The federal government announced Friday night that Medicare "Part B" recipients can expect to see monthly premiums rise more than $20 next year, a jump officials partially attribute to a new Alzheimer's drug.
According to The Hill, the Centers for Medicare & Medicaid Services announced a 14.5% increase for Part B premiums, which covers services like urgent and primary care visits. The new increase will raise the current monthly premium cost from $148.50 to $170.10.
"Most people with Medicare will see a 5.9% cost-of-living adjustment (COLA) in their 2022 Social Security benefits—the largest COLA in 30 years. This significant COLA increase will more than cover the increase in the Medicare Part B monthly premium," CMS said in a statement.
"Most people with Medicare will see a significant net increase in Social Security benefits. For example, a retired worker who currently receives $1,565 per month from Social Security can expect to receive a net increase of $70.40 more per month after the Medicare Part B premium is deducted."
According to CMS, about half of the increase is due to the new controversial Alzheimer's drug Aduhelm, which some experts estimate could cost Medicare upwards of $56,000 a year per person.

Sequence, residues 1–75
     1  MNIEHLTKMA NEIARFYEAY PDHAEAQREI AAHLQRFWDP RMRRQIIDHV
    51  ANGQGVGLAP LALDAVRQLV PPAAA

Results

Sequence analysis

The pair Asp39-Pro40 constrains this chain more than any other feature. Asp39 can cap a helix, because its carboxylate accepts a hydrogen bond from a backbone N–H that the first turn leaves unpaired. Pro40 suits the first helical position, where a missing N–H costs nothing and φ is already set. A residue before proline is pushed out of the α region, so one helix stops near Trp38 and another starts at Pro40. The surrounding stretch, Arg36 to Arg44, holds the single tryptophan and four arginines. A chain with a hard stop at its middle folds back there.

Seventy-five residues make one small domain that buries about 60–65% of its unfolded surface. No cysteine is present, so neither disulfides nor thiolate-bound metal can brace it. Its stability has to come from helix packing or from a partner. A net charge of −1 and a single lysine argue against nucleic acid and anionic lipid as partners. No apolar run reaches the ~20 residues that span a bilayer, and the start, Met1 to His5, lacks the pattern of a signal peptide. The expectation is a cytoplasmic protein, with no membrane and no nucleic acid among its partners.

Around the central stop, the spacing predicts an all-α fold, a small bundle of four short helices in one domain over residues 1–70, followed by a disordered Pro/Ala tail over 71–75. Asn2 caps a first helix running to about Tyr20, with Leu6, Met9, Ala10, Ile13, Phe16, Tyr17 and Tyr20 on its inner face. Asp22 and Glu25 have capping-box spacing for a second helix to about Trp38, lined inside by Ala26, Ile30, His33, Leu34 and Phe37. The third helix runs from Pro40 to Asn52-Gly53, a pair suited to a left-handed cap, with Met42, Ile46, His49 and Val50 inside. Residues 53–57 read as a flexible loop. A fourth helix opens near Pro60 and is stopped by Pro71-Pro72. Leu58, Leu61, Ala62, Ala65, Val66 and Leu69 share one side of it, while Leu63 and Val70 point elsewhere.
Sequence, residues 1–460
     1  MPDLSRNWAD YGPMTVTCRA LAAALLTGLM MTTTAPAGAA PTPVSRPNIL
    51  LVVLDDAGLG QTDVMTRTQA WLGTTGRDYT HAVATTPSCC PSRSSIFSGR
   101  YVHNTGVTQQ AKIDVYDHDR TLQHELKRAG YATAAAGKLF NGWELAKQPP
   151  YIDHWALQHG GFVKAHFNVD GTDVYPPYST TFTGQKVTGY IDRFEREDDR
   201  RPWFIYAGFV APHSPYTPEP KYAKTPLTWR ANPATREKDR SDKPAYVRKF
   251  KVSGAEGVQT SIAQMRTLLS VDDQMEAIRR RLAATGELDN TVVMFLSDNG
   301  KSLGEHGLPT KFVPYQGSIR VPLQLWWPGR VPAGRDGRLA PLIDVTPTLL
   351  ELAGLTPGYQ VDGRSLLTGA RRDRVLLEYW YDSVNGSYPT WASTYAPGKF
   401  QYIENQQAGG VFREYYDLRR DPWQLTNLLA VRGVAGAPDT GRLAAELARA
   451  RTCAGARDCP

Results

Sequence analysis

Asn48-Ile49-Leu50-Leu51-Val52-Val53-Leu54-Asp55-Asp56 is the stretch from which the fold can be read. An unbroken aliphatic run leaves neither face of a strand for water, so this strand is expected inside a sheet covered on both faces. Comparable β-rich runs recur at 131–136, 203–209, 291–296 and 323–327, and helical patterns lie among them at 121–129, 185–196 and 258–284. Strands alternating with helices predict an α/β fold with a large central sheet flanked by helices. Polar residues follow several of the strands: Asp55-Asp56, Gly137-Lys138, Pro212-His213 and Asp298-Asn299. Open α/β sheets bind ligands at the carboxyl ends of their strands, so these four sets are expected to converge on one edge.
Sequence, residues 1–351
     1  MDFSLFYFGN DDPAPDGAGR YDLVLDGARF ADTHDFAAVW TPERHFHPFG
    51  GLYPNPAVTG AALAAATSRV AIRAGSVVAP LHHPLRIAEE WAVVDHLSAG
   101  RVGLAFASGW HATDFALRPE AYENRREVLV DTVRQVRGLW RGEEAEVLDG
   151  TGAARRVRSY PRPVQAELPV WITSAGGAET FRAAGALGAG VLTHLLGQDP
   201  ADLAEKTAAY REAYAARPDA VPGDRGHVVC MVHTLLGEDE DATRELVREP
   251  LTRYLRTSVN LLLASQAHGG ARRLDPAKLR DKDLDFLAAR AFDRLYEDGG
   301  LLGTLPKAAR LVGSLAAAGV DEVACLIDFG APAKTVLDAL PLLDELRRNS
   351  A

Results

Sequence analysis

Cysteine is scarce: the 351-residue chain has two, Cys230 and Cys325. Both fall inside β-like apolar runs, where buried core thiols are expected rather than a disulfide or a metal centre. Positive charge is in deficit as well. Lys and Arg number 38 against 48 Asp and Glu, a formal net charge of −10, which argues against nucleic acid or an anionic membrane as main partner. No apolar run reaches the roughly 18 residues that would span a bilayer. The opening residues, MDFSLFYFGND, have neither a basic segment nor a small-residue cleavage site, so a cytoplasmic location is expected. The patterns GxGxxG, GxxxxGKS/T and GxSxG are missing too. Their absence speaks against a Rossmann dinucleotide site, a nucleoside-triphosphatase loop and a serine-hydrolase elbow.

According to the Associated Press, the Food and Drug Administration approved Aduhelm, in June, making it the first Alzheimer's drug in nearly 20-years.
The drug is supposed to stave off the effects of dementia by reducing clumps of plaque that accumulate on the brain. However, many experts have remained skeptical saying they haven't seen evidence to suggest the drug is beneficial.
Medicare covers over 60 million Americans, many of whom are low-income or who have disabilities.
Open enrollment began on Oct. 15 and ends Dec. 7.